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I doubt that you are getting 2700 ft/sec from your 20" barrel. If you are loadedclose to max, I would say 2600 to 2650 ft/sec. My 168 gr load at 2600 ft/sec drops 4.3" at 200 yards with a 100 yard zero. That bullet is a SMK. Your ballistic silvertip has a little lower BC so you would be in 4.5" to 5" drop area. Worse case sinerio, if your load drops 5" at 200 yards and you held 5" high, you probably hit that deer right where you wanted to. Chances are the bullet didn't open up or expand, just punched a .30 caliber hole straight through. I would search a few hundred yards in the direction that the deer ran after the shot. Take a trail dog with you. You will more that likely find him. The standard Weaver rings are not pretty, but they are strong. I have rifles with scopes mounted in Weaver mounts and rings that have been there for 25 years are more and still shoot good.

Lots of luck to you.

Sincerely,
Dave (Bubba) Thornblom
 

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Discussion Starter · #8 ·
Thanks. I spent a lot of time looking for blood, hoping to stumble onto the body, but looking back at it, I could have gone further south, up the hill where they came from but you start getting into the private property out there and didn't want to be walking around on private land with a rifle. He's probably coyote food by now, if that's what happened. Makes me sick.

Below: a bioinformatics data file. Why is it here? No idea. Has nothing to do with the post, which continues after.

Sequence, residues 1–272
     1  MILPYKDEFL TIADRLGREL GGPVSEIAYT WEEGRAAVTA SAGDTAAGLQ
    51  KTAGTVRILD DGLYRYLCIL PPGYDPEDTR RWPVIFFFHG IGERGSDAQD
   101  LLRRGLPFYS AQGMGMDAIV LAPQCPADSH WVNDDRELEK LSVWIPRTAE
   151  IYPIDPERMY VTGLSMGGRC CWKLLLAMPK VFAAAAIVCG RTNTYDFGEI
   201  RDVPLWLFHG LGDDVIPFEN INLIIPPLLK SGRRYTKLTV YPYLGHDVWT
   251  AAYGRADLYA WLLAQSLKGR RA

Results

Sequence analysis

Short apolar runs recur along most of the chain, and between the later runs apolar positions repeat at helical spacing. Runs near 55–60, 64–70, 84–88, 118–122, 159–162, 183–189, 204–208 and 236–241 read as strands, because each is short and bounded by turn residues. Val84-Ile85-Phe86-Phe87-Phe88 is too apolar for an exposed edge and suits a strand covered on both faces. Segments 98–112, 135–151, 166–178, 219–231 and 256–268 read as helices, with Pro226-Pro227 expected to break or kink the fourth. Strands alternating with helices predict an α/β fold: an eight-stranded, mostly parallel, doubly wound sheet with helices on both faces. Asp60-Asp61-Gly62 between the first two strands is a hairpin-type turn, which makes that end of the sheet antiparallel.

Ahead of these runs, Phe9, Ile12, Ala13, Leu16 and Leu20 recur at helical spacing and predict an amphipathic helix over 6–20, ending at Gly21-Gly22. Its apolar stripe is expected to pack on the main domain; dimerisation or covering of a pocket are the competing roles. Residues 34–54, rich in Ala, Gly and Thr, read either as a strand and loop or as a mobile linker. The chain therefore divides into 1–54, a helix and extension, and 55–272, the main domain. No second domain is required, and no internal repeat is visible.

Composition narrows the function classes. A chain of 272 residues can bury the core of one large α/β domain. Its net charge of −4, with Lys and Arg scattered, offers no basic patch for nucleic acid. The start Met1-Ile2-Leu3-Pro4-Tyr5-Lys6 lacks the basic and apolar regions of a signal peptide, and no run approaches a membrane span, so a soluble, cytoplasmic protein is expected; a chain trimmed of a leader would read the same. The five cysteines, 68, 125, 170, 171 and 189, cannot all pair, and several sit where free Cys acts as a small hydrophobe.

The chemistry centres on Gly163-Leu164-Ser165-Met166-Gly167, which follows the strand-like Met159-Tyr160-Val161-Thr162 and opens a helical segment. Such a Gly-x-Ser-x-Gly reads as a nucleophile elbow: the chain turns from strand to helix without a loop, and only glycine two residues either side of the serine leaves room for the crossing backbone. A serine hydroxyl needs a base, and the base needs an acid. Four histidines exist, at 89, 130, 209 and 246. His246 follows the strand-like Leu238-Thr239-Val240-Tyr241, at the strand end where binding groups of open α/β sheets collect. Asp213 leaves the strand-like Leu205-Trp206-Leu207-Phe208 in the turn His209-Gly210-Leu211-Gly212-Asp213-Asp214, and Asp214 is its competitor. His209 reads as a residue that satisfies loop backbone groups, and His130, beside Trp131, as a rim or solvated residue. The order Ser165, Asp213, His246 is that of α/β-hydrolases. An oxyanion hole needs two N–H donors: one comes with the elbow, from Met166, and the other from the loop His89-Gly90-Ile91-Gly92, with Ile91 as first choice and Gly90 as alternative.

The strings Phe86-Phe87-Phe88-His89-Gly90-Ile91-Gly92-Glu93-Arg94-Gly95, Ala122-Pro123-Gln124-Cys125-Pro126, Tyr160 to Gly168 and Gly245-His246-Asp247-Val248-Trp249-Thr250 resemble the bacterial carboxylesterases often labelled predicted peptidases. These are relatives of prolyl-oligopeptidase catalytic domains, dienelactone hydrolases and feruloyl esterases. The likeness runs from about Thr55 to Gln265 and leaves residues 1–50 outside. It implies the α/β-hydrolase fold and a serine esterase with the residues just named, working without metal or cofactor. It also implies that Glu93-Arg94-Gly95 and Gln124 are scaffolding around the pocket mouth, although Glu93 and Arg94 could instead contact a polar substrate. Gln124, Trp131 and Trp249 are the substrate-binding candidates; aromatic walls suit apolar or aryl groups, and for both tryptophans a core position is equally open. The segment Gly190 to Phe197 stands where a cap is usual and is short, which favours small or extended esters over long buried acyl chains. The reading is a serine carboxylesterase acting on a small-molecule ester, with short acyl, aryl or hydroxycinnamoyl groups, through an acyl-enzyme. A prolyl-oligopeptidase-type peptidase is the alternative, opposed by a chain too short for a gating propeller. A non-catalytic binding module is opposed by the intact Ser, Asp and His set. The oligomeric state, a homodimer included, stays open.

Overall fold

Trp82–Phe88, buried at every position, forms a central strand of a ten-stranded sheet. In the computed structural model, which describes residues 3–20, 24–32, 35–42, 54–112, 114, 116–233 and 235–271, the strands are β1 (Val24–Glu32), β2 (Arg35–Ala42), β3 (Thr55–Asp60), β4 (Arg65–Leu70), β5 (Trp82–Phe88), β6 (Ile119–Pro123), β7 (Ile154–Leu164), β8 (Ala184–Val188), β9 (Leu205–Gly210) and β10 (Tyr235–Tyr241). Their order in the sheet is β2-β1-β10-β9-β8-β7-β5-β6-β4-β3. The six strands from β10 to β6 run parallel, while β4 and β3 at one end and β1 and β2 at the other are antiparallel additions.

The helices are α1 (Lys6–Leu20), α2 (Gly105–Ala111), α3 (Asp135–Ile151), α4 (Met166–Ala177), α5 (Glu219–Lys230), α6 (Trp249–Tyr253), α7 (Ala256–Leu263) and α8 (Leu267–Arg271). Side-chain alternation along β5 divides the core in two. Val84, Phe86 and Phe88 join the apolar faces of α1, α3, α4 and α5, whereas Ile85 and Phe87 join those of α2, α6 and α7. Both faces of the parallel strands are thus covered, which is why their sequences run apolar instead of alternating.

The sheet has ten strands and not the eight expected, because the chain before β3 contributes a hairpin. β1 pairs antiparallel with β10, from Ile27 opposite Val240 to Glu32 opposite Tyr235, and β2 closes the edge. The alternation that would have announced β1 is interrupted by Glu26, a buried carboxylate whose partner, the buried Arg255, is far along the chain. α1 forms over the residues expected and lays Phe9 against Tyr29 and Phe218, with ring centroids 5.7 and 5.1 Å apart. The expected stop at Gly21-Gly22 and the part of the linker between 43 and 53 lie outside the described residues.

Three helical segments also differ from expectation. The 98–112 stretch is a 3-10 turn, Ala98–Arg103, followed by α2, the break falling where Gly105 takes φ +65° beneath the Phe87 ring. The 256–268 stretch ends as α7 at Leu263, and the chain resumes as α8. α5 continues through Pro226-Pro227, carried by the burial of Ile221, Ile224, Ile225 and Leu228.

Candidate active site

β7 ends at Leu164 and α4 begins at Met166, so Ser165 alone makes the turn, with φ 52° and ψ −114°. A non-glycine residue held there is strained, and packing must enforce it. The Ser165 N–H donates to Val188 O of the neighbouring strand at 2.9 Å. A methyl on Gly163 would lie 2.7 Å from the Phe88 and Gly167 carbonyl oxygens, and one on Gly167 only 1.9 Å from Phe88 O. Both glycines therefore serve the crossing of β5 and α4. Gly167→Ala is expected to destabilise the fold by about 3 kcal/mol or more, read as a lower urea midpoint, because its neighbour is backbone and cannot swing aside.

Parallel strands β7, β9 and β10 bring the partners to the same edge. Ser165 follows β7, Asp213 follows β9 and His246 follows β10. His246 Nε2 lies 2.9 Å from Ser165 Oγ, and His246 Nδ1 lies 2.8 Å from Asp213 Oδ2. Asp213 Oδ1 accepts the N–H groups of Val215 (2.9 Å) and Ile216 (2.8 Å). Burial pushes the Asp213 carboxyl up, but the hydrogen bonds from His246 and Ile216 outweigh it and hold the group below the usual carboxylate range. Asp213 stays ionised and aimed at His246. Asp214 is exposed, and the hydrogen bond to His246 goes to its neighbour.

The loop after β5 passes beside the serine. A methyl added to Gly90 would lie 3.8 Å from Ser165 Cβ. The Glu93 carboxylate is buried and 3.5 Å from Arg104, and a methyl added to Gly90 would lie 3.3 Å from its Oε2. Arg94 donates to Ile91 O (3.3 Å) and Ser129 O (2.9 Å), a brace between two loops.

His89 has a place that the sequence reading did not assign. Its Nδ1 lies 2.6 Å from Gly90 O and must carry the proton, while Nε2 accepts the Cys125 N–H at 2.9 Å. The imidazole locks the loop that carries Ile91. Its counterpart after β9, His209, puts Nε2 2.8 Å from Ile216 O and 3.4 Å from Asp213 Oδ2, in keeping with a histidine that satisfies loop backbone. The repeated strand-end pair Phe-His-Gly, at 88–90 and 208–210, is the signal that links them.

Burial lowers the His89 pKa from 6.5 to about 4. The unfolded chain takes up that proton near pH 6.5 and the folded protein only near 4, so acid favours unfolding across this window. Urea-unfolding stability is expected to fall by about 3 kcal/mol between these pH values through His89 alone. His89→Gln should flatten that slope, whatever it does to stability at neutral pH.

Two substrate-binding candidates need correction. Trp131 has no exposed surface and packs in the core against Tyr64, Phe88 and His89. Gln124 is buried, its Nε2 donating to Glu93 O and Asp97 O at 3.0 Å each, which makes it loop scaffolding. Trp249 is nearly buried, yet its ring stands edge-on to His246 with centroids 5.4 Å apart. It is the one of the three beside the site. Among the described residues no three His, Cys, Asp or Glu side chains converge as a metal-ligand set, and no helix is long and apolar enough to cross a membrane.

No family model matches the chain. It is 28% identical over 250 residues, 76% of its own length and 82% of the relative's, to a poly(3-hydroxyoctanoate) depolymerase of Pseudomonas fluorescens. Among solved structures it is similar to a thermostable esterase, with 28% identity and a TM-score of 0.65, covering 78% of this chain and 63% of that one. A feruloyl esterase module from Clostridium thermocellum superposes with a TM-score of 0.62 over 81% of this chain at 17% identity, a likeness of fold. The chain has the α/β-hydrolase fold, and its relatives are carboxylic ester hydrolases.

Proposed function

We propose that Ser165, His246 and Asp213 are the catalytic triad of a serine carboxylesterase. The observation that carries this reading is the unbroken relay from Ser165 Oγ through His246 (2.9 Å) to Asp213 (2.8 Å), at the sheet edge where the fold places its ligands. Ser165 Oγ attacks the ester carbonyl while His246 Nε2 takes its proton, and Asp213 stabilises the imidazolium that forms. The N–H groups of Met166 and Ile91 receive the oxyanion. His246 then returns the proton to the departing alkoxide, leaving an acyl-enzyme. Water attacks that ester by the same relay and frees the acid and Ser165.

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Not to worry, sooner or later it happens to all of us if we hunt enough. It is not something we get used to, but we can learn from those incidents and do things to help insure that we don't repeat those incidents. There are mixed emotions about the plastic tipped bullets. Sometimes they open up too much and make gosh awful wounds and sometimes they don't open up and punch straight through and that animal will not leave a blood trail. For my hunting purposes, lead tipped bullets have never let me down (Hornady spire points, Speer hot cores, Sierra spitzers, Winchester power points, Remington core lokts, Nosler spitzers). All of these can be loaded to shoot accurately. So, take you pick, load dilligently and shoot diliberately. I heard someone say once that no bullet does the exact same thing all of the time. Most of the mushroomed bullets we see in advertisements are shot into ballistic jello to produce the perfectly mushroomed bullet for advertising purposes. Recovered bullets in the hunting field seldom look as perfect. For hunting purposes, the old stand by Nosler partition continues to do good work. It may not be quite as accurate as other bullets, but how accurate does it need to be to hit the 10" kill zone of a white taill deer at 200 yards?

That being said, I do like the CT Ballistic Silvertip .224" diameter 55 grain in my .22-250 Remington. It is as accurate as anything I have shot so far and I am not hunting with it. I am shooting long range precision matches, 100 yards to 400 yards. At 100 and 200 yards it turns water ballons into fog. Not a single drop of water hits the ground.

Sincerely,
Dave (Bubba) Thornblom
 

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Discussion Starter · #10 ·
That's a good point on the plastic tipped bullets. Plus, I'd been outside for almost 10 hours at that point, either sitting or hiking, and I'll bet that bullet was freezing cold if/when it hit the deer and maybe that played a part in it too, if it didn't open.
 

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thornblom said: